|That would have been the end of the story except that in 1956, historian Edwin Bearss set out to find the Cairo. Having located the wreck in August 1956, Bearss' group worked to assemble resources to raise the ship. It took 4 years, but in 1960, ninety-eight years after she sank, parts of the Cairo began to see the light of day again. Over the next five years, the remains were raised and reconstructed at the Ingalls shipyard in Pascagoula, Mississippi. Today, the U.S.S. Cairo is on display at the Vicksburg National Military Park, one of the last remnants of the vessels that pioneered the age of iron ships.|
|The Kit: I began with a 1/600 scale resin kit by Peter Pig, which was designed for war gamers and is very basic. It consists of 3 parts, the resin hull and two white-metal smokestacks, so a lot of scratch building was needed. Luckily, the basic shape is pretty accurate. I started by using strip styrene sheet to make the bulwarks on the upper deck and to create a raised "edge" all the way around the vessel. Next, I added all of the stanchions along the edges of the upper deck, and the supports for the center rail using thin brass rod. The center rail, which on the real ship was used to support a canvas awning, was made out of rectangular styrene stock. I then added the smokestacks after trimming them down a bit (as supplied, they were too tall) and added the cross brace of stretched sprue between them.|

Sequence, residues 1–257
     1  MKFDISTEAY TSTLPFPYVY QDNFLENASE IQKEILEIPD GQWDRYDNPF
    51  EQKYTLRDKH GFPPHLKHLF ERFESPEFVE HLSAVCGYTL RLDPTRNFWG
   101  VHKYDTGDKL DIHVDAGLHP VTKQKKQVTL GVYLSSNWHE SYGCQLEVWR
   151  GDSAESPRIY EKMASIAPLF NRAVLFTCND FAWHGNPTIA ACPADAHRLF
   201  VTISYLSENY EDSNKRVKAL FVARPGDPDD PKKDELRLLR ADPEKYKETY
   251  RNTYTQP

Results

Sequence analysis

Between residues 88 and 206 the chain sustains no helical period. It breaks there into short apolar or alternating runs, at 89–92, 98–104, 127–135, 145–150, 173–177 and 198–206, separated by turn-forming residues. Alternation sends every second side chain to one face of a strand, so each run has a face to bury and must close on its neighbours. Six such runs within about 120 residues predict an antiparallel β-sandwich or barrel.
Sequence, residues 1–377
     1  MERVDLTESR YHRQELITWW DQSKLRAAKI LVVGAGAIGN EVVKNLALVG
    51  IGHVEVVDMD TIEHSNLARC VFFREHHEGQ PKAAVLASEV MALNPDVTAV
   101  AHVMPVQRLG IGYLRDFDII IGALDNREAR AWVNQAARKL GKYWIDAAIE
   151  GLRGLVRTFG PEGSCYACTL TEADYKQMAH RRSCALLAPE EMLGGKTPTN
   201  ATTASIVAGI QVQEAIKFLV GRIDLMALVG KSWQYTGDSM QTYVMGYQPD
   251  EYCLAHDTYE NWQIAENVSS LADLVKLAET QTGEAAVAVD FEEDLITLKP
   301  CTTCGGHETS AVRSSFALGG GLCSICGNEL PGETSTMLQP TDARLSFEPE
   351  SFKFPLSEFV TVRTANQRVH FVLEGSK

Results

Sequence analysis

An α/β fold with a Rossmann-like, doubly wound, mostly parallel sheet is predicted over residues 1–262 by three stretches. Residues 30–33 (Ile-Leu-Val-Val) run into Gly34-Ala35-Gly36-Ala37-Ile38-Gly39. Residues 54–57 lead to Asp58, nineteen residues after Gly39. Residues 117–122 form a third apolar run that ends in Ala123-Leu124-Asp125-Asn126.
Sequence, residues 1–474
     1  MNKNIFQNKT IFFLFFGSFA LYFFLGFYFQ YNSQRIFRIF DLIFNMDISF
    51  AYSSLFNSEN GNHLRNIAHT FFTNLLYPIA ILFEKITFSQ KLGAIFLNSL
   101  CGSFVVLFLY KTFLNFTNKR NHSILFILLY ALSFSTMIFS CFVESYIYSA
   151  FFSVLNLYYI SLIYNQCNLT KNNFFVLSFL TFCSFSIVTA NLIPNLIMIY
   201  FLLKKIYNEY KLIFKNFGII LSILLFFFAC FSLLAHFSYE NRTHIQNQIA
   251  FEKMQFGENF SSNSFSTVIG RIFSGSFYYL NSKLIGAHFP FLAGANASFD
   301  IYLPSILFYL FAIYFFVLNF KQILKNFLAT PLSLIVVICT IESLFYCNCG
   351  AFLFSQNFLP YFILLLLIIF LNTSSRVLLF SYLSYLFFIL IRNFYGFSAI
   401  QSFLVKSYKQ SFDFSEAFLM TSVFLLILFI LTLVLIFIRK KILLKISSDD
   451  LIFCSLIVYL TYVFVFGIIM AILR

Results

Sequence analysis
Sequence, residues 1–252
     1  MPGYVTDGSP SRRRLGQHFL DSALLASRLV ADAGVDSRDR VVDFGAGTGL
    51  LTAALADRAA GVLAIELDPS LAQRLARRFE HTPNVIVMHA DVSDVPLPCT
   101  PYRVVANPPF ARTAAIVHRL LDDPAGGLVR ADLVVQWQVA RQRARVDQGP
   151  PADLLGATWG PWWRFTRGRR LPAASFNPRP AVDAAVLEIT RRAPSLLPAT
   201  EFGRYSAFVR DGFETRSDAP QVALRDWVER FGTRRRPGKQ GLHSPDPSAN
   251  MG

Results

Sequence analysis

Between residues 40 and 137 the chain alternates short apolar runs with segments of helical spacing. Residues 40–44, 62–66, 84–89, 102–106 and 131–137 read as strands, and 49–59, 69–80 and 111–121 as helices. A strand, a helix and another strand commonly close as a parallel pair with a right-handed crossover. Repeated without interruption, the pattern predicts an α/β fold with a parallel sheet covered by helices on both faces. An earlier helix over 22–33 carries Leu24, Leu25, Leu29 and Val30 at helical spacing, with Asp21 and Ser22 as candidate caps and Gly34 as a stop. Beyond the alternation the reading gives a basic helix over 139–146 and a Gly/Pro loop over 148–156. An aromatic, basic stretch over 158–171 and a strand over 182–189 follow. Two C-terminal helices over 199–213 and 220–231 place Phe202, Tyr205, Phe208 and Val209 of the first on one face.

|Next, I turned to the guns. Only a couple of the gun hatches are molded in the open position and I figured that since Cairo was in combat conditions, she would be fully ready with all hatches open and guns in position for a fight. I removed all of the molded-on details, added guns made from styrene rod, cut new hatches out of strip styrene and glued them in the open position. The undersides of the hatches were painted white, as the gun decks of most ironclads were white to reflect light and provide added illumination to the dark interior. I then added boats and davits from a Skywave 1/700 scale ship accessories set, and modified a couple anchors out of the set to look more like Civil War era anchors. To finish off, I added rigging made out of invisible thread for the support cables around the smokestacks, up the main mast, and as a line for the flag on the rear mast. The last step was to add the awning attachment rod on top of the deck-edge stanchions with stretched sprue.|